Study finds you need more exercise now to protect future health

High blood pressure is a common condition that, if left untreated, can lead to a variety of health conditions later in life, including heart disease and stroke. According to a new study from the University of California – San Francisco, reducing your odds of developing high blood pressure in midlife will require more than the minimum recommended amount of exercise every week.

One's odds of developing high blood pressure depend on a variety of factors, including both genetics and lifestyle. Things like smoking, drinking, and lack of exercise can be major contributing factors, so it's no surprise that public health officials advise getting a certain minimum amount of exercise every week to help maintain your health.

According to the new study, young adults should get at least double the recommended minimum amount of moderate-intensity exercise every week in their late teens and 20s to reduce their odds of developing hypertension in later years. This potential benefit is greater in those who continue the exercise habit into their 30s and beyond.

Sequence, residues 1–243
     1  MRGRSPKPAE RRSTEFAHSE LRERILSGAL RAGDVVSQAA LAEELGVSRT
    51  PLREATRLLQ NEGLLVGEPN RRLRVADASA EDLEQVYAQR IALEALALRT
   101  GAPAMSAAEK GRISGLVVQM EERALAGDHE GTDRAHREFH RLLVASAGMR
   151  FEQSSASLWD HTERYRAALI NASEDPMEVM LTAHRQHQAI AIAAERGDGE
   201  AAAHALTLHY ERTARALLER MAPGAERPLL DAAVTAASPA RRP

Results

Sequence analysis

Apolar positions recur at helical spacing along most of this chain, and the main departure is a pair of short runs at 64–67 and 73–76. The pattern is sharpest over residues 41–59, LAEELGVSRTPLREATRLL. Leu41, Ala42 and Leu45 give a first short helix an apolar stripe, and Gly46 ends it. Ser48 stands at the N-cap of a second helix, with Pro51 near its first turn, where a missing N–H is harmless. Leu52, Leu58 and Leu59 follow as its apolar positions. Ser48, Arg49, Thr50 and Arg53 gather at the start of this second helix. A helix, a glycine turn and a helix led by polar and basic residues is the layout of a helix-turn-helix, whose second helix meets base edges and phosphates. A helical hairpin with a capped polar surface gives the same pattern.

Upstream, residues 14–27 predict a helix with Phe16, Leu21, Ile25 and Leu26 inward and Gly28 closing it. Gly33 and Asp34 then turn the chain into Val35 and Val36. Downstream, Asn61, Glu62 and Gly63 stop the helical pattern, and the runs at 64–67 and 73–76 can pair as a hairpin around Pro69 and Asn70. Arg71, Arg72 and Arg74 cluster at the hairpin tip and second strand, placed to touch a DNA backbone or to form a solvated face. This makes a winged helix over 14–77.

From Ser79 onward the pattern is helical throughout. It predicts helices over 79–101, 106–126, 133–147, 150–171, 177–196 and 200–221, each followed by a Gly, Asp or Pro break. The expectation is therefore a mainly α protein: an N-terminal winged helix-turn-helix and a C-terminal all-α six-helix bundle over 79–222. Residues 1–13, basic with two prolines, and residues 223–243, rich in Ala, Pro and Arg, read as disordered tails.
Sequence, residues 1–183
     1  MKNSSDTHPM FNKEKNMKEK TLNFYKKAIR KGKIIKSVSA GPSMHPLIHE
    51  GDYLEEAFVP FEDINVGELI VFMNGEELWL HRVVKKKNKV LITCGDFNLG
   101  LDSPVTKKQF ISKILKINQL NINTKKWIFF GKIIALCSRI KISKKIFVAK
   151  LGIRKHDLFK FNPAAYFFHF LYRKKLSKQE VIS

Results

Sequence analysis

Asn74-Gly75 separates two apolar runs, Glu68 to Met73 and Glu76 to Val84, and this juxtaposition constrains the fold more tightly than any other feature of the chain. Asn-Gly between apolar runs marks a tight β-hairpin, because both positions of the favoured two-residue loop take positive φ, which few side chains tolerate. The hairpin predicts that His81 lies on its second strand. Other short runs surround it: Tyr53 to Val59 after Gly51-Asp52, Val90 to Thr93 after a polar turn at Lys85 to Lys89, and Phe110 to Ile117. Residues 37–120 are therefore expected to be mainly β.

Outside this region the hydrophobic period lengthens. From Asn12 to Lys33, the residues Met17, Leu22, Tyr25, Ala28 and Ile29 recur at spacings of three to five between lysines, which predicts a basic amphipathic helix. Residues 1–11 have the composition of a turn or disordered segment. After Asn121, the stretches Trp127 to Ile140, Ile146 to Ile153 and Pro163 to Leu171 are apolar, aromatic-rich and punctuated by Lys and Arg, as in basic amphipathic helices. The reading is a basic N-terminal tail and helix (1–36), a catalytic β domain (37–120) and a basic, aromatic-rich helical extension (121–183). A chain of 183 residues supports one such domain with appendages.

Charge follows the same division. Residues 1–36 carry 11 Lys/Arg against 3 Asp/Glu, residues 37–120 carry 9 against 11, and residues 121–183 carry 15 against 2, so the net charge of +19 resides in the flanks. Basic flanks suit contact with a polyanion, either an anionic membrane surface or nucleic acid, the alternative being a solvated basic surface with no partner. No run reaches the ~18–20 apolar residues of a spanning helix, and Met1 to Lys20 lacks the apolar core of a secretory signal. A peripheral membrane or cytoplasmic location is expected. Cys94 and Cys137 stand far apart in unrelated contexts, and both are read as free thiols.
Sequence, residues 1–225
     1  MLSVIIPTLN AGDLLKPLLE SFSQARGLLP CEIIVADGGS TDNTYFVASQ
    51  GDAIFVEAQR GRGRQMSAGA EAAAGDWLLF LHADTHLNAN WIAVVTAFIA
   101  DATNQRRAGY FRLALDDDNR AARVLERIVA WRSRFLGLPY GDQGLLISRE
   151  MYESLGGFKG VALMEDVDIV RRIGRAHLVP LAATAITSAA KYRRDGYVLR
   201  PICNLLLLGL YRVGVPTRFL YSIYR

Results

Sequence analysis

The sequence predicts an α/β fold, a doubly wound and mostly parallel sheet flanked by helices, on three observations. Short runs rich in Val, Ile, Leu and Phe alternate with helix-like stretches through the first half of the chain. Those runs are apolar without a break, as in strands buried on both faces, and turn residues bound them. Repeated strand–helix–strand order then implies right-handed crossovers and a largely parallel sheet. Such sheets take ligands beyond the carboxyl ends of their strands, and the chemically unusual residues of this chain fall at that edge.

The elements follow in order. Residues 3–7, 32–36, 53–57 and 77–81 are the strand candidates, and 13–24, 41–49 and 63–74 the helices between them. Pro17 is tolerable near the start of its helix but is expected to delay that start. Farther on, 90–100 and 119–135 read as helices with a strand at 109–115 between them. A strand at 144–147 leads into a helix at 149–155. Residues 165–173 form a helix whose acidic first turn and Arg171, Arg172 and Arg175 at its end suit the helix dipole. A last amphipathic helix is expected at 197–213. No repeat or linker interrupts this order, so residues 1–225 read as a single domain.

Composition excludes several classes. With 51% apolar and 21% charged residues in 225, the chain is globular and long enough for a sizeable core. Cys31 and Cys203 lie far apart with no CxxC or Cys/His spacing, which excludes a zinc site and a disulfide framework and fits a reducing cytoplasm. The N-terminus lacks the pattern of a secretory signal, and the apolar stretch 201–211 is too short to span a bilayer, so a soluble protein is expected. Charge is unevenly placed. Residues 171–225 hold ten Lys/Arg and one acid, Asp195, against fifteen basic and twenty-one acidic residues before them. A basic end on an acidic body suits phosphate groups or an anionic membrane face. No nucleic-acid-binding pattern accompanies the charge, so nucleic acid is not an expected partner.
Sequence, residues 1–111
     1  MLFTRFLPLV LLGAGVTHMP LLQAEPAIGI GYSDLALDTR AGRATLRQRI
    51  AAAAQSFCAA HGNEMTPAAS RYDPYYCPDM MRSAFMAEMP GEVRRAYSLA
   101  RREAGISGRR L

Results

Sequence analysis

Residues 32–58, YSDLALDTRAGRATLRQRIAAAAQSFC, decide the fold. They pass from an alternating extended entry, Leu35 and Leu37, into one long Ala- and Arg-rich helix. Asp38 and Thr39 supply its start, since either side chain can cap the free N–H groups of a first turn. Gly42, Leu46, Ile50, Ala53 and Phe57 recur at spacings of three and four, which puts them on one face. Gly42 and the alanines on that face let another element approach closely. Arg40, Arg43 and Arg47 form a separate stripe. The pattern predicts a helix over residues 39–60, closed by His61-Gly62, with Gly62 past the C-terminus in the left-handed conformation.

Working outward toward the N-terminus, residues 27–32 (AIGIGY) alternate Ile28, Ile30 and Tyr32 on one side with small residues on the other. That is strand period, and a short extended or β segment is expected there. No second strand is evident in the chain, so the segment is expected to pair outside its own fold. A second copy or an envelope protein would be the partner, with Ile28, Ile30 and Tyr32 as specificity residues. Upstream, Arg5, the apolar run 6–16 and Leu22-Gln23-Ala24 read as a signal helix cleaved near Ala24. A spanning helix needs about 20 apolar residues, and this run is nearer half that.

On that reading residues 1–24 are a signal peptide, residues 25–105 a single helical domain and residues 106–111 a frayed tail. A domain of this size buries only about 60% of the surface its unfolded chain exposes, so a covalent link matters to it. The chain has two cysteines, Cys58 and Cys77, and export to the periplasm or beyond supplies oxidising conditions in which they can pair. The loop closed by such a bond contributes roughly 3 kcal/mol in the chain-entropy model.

The findings were based on data from around 5,000 adult participants ages 18 to 30 who were followed for three decades under the CARDIA study. Whereas the current minimum exercise recommendation is getting 2.5 hours of moderate-intensity exercise per week, the new study recommends boosting that number up to around 5 hours to counter high blood pressure risk.

Though the amount of exercise the participants got varied based on demographics, the risk of high blood pressure was observed to increase in lockstep with the rate at which the physical activity declined over the years.

Participants who got at least five hours of moderate-intensity exercise weekly in their early adult years were 18-percent less likely to develop high blood pressure compared to those who exercised less. In the case of people who maintained this level of activity through age 60, the risk of high blood pressure was found to be even lower.